USCIS Dials Back New Policy Limiting STEM OPT to In-House Employment

Earlier this year, USCIS updated its STEM OPT website with a more narrow interpretation of the STEM OPT regulations, indicating that all STEM OPT training must take place on-site at the employer’s place of business, thereby limiting an employer's ability to place STEM OPT workers at third-party worksites.  However, the STEM OPT website has once again been updated and USCIS appears to have scaled back this new interpretation. The most recent update removed the the pertinent language from the earlier update which suggested that off-site placement, including placement at a client site, was prohibited. The website now clarifies that employers are not prohibited from placing F-1 workers on STEM OPT at third-party worksites provided that a bona fide employer-employee relationship exists and all other STEM OPT training obligations are met.

More specifically, the updated guidance makes clear that, where an employer and the F-1 student working pursuant to STEM OPT have a valid employer-employee relationship, and that same employer provides the practical training experience and signs the STEM training plan, third party placement would not be prohibited under the STEM OPT regulations.

Employers and employees should continue to ensure all training and reporting obligations are met and F-1 students are reminded that status violations or a failure to maintain their status will result in the accrual of Unlawful Presence under USCIS’s new policy.

USCIS Policy Memo on Accrual of Unlawful Presence and F, J and M Nonimmigrants

On May 11, 2018, United States Citizenship and Immigration Service (USCIS) posted a draft policy memorandum announcing a change in policy regarding the accrual of Unlawful Presence by Nonimmigrant Students and Exchange Visitors.

The policy seeks to change how USCIS will calculate unlawful presence for students and exchange visitors in F, J, and M nonimmigrant status (including F-2, J-2, or M-2 dependents) who fail to maintain their status in the United States.

Read More

Reminders to Students and Employers as H-1B Cap Effective Date Approaches on October 1

As October 1st is fast-approaching, individuals with H-1B petitions that were selected in this year’s H-1B cap and employers of H-1B visa holders should remain aware of some important facts:

CAP-GAP EXTENSIONS END ON SEPTEMBER 30th - For those whose H-1B is still pending and who are relying on the automatic cap-gap for F-1 students, keep in mind that that your cap-gap employment authorization ends on September 30th, even if the H-1B remains pending after this date. Therefore, employees whose H-1B visas are not approved by October 1st will have to stop working and be removed from payroll. Because of this, we recommend considering upgrading to premium processing as soon as possible in order to avoid this consequence or, at the very least, minimize the amount of time you or your employee will be unable to work.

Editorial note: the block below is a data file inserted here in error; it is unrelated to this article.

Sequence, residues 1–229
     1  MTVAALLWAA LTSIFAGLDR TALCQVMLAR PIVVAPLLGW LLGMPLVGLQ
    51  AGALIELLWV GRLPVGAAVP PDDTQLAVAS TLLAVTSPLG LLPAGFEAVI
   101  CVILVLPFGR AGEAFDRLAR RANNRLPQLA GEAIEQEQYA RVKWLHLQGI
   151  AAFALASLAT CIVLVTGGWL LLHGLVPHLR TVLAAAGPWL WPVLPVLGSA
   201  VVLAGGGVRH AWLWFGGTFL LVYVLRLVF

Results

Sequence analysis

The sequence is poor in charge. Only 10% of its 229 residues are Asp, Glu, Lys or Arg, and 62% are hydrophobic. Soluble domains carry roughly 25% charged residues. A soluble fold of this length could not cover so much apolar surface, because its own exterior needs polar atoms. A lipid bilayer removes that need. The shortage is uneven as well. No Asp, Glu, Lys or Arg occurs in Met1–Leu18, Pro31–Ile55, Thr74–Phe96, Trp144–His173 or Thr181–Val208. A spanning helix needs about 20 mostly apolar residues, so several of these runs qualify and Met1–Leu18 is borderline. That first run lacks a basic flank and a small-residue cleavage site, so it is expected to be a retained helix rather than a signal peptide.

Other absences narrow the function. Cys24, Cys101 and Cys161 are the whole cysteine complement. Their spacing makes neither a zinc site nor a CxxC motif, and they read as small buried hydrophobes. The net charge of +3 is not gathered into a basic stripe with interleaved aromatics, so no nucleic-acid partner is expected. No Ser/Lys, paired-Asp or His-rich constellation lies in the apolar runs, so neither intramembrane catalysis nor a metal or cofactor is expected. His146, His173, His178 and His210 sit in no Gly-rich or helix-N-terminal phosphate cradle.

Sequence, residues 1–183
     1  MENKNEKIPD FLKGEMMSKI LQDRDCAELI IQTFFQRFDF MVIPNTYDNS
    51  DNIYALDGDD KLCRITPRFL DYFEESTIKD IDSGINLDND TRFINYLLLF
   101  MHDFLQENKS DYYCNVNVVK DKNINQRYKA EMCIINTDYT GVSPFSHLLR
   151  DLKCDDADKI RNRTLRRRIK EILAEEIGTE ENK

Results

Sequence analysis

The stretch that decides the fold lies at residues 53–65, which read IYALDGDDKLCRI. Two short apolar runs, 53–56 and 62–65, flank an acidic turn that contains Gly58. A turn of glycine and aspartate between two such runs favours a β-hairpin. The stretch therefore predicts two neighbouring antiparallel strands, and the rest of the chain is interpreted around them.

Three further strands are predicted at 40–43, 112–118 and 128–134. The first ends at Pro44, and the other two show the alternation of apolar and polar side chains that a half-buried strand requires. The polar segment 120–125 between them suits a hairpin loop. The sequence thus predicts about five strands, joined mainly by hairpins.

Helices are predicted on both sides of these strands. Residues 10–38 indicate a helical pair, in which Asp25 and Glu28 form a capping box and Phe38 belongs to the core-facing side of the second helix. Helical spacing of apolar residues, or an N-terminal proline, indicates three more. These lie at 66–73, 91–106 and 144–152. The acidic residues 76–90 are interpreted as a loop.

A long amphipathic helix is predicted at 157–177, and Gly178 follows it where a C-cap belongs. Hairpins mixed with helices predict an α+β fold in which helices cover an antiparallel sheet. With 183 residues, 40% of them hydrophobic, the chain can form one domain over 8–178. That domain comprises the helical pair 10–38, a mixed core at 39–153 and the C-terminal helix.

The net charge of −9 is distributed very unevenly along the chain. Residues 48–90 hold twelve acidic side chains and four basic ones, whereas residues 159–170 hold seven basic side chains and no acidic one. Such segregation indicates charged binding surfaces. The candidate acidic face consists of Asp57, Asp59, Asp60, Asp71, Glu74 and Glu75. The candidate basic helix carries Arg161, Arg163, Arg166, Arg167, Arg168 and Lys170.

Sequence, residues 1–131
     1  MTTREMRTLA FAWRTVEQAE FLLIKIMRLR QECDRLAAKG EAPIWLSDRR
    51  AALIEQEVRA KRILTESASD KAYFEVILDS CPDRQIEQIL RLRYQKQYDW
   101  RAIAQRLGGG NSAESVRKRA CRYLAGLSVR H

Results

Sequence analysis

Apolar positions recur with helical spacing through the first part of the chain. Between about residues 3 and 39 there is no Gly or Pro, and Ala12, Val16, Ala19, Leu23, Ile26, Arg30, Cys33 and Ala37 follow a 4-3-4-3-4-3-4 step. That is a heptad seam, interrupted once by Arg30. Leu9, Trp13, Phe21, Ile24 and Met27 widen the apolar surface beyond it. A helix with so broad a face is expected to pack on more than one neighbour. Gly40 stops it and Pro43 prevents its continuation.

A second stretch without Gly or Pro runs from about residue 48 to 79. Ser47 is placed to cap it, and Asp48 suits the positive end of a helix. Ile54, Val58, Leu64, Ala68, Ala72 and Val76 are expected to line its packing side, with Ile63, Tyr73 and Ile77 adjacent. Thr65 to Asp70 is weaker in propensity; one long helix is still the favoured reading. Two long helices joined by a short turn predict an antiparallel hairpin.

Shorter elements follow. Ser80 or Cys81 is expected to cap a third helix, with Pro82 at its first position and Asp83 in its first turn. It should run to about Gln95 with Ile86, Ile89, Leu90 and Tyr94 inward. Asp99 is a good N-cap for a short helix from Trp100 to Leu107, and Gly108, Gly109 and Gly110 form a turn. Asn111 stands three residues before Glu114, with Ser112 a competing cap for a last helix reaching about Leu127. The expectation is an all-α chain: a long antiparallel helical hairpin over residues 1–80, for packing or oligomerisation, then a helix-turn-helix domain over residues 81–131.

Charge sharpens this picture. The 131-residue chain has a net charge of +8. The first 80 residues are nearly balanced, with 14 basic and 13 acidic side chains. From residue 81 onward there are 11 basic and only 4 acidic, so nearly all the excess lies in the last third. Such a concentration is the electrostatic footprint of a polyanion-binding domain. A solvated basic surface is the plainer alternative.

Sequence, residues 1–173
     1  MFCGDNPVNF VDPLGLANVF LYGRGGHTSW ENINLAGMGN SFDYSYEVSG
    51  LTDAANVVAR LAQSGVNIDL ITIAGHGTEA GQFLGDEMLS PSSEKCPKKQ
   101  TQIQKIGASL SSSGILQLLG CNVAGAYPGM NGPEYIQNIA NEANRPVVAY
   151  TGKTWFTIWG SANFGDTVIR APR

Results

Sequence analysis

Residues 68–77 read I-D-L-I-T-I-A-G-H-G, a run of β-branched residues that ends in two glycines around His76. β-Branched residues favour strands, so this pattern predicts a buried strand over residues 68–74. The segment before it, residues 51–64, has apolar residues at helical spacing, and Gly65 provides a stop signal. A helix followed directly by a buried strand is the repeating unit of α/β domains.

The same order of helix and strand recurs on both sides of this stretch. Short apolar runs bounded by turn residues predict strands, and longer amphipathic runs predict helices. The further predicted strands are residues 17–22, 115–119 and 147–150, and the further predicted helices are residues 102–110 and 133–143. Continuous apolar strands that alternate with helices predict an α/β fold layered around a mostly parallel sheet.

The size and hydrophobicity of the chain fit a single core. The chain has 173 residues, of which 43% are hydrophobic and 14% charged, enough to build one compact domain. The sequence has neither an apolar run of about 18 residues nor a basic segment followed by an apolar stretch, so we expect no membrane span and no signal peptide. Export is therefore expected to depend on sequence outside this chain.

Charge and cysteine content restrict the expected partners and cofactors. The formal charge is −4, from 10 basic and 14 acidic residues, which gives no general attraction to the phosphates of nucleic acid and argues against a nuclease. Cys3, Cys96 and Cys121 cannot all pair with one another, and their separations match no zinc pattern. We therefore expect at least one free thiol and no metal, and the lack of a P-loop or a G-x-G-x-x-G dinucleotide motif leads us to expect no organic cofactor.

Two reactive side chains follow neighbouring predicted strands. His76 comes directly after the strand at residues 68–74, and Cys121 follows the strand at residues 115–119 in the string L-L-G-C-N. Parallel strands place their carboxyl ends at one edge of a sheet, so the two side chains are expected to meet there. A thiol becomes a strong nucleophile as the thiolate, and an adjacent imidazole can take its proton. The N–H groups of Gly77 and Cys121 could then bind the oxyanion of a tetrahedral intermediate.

VALID H-1B VISA STAMP REQUIRED FOR REENTRY TO U.S. - While an H-1B employee is not required to have a valid H-1B visa in his or her passport for purposes of employment, they must have a valid H-1B visa stamp for entry or reentry to the U.S. Therefore, following approval of the H-1B petition, an H-1B employee should be mindful of the fact that they will be required to apply for an H-1B visa stamp prior to returning to the U.S. the next time they travel internationally, absent certain limited exceptions, including trips of under 30 days to Canada, Mexico, or adjacent islands (note individuals should vet any such travel with immigration counsel prior to making travel plans to ensure an exception applies in their case).  

I-9 REVERIFICATION MAY BE REQUIRED - Employers should also keep in mind that for current employees with an approved H-1B “Change of Status” petition, whose current status will expire on October 1, including all F-1 students working pursuant to cap-gap employment authorization, the individual’s employment authorization will need to re-verified on Form I-9.

ALWAYS ADVISE IMMIGRATION ATTORNEY OF ANY CHANGES TO H-1B EMPLOYMENT - Finally, employers and employees should be aware that certain changes to the terms of an H-1B visa holder’s employment could impact their continued eligibility for H-1B status and/or could necessitate the filing of an H-1B amendment.  Employers are therefore encouraged to speak to immigration counsel prior to making any changes to the terms of an H-1B visa holder’s employment to ensure compliance with these requirements.